Physical and digital card enhancements are improving the payment experience

Card issuers have room for growth in the mobile app card payment space. Despite nearly ubiquitous one-time and automatic card payment functionality on desktop sites, many mobile apps do not include repeating payment management or even future-dated payments. Firms will need to bolster their mobile platforms accordingly. Younger respondents to the 2019 Consumer Credit Card Survey expressed increasing usage of mobile apps and decreasing usage of desktop sites compared to older users.

Younger users manage credit card accounts from mobile apps more frequently than older generations

Thinking about your primary credit card, how do you typically access and manage your account from a digital standpoint?

Aside from mobile app card payment functionality expansion, many payment enhancements now occur for heightened security to provide customers with peace of mind in the age of hacks. As mobile payment adoption is low in the United States compared to other countries, firms are taking different approaches to offering virtual account numbers and therefore more security.

Card debuted with a unique solution where each card is associated with three individual and distinct card numbers: one associated with the physical card, an Apple-Pay-specific number and a third card number that can be used for online purchases. Firms like Bank of America, Capital One and Citi also provide virtual card numbers for more secure online purchases. But rarely do we see these practices as a main selling point for the card product.

In terms of physical credit card changes, every coverage group firm issues cards with EMV chip technology. Following widespread international adoption, a growing number of firms—including American Express, Bank of America, Capital One, Chase, Discover and Wells Fargo—began offering cards with contactless, tap-to-pay functionality in the past year. And 78 of the top 100 U.S. merchants are now equipped to handle contactless card payments. Maintaining top-of-wallet status will require credit card issuers to innovate both in terms of their physical cards and their online card management functionality.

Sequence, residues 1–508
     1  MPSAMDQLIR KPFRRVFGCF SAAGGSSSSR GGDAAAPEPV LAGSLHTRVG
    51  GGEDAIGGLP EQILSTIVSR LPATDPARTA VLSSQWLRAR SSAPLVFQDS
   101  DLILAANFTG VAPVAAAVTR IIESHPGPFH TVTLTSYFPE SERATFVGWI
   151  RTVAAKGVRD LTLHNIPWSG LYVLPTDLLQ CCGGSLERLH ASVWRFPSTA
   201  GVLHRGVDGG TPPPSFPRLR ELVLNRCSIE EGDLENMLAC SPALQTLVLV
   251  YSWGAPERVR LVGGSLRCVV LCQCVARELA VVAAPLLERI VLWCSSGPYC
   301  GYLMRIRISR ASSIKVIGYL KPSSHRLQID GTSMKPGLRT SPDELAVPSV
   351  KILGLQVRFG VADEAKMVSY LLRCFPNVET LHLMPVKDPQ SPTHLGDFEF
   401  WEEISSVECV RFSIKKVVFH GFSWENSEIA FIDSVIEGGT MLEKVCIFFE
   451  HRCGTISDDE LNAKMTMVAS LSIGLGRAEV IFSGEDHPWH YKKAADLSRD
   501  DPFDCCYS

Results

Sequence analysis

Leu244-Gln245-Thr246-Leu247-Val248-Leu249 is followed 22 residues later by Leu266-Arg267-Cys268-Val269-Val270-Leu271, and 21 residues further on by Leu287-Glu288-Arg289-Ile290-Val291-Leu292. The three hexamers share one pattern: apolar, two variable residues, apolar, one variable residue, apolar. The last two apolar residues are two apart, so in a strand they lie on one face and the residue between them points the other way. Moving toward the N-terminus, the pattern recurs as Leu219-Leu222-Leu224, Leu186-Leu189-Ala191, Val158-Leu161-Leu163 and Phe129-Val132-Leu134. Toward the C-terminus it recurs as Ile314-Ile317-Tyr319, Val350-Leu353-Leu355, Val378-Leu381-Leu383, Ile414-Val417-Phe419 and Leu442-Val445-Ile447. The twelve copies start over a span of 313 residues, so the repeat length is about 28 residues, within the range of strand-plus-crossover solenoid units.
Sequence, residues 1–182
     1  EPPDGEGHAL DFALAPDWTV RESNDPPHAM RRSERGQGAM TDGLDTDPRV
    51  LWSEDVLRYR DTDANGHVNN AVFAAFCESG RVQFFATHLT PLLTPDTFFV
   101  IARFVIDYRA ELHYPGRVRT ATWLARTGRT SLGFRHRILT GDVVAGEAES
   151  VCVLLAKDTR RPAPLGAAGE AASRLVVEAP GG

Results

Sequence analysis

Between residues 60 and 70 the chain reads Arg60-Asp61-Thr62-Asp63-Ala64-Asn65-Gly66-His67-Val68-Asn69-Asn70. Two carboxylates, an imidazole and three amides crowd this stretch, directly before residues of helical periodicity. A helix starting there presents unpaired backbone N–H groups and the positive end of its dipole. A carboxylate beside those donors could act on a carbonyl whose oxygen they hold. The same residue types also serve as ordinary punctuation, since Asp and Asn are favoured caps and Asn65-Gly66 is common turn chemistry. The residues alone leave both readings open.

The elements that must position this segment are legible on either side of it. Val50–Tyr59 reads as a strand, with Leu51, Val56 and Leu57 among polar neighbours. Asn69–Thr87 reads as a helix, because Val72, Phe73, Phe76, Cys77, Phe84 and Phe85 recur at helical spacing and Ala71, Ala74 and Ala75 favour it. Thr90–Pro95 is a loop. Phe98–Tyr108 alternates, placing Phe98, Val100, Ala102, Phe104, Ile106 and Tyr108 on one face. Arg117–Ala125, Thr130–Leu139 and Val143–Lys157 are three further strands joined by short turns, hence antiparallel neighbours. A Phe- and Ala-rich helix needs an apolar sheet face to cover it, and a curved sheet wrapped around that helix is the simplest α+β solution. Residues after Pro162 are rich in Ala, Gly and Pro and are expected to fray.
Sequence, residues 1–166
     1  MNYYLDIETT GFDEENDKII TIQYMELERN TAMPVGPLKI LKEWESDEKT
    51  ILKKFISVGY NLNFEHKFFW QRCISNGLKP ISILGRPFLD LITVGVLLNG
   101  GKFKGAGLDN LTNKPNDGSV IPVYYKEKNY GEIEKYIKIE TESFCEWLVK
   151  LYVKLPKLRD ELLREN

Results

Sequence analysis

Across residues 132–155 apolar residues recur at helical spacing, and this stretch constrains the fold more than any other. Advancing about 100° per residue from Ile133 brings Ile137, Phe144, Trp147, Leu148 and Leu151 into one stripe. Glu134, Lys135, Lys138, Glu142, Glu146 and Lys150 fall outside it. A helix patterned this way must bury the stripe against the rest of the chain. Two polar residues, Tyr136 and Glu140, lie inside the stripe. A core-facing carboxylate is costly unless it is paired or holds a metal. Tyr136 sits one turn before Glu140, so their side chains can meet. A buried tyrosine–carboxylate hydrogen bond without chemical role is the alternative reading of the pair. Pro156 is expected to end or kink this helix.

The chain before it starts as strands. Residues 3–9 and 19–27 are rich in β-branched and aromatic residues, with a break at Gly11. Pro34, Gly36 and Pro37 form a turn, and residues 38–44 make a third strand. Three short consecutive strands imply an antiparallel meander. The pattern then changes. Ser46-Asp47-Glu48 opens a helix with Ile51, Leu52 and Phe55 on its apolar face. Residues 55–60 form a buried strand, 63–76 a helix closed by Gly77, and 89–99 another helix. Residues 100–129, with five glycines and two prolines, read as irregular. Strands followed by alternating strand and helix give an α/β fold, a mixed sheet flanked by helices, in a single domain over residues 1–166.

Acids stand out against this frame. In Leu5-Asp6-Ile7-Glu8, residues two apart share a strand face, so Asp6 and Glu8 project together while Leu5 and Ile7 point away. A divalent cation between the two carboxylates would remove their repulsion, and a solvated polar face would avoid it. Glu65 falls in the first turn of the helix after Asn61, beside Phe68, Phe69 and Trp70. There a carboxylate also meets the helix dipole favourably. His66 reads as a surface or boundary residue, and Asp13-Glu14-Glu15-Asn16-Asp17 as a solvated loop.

Firms neglect small business card products and sites, leaving room for vast innovation

The small business card industry is relegated to the sideline when it comes to innovation. Firms tend to focus on consumer card products, sites and mobile apps, upon which they then base small business card counterparts. In the meantime, a massive opportunity goes to waste. Small business card sites age and become cumbersome to use, so small business card holders revert to their consumer cards, which present better reward structures and easier online management options. A 2019 survey from WalletHub even highlights that eight in 10 small business owners think their small business cards should offer the same, if not better, reward opportunities than their personal cards.

In the meantime, a massive opportunity goes to waste. Small business card sites age and become cumbersome to use, so small business card holders revert to their consumer cards, which present better reward structures and easier online management options.

The card space is not indicative of small business products as a whole, though. In fact, small business banking innovations continue at full speed ahead. Bank of America, for instance, offers the Business Advantage 360 experience. To aid business owners in managing cash flow, the platform offers account integration features, in-depth projections and a streamlined view of transactions, expenses, credits and debits. While the product includes integration of small business credit card accounts, the bank requires customers to have a small business bank account in order to take advantage of its features.

Firms can seize upon the current momentum in the consumer card space and in the business banking space. Features like receipt matching can be helpful for small business owners who use their personal cards for business expenses. Still, simply offering cash back at Staples won’t cut it for small business card holders anymore. Firms should recognize the need to sweeten the deal by providing proportionate rewards for the level of business conducted and by homing in on the types of expenses that businesses usually accrue.